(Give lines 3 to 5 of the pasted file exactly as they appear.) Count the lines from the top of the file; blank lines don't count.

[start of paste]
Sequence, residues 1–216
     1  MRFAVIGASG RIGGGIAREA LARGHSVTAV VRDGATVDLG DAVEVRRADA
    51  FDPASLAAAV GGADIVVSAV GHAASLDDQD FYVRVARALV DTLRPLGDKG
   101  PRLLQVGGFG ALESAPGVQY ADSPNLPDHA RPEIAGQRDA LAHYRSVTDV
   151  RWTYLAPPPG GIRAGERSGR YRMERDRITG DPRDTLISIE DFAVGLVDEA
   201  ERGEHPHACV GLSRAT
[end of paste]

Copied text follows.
    51  FDPASLAAAV GGADIVVSAV GHAASLDDQD FYVRVARALV DTLRPLGDKG
   101  PRLLQVGGFG ALESAPGVQY ADSPNLPDHA RPEIAGQRDA LAHYRSVTDV
   151  RWTYLAPPPG GIRAGERSGR YRMERDRITG DPRDTLISIE DFAVGLVDEA